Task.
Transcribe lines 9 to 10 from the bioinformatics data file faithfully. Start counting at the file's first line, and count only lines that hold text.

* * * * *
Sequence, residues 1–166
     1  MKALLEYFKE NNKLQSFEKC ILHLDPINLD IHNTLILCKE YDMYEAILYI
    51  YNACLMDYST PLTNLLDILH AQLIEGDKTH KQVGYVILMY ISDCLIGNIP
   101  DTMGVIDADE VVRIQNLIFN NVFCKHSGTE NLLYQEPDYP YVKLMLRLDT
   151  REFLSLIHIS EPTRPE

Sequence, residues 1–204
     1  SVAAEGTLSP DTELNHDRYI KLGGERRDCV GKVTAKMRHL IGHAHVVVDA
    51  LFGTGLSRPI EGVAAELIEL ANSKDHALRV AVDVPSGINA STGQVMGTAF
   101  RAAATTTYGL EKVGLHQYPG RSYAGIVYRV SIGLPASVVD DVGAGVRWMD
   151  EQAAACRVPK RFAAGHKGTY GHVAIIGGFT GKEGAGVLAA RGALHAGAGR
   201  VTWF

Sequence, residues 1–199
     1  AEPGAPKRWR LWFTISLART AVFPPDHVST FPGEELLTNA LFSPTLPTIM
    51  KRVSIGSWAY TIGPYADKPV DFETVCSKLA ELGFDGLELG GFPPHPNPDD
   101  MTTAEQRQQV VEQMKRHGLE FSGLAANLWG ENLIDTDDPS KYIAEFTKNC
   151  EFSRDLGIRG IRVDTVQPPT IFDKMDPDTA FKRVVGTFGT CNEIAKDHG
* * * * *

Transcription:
   101  RAAATTTYGL EKVGLHQYPG RSYAGIVYRV SIGLPASVVD DVGAGVRWMD
   151  EQAAACRVPK RFAAGHKGTY GHVAIIGGFT GKEGAGVLAA RGALHAGAGR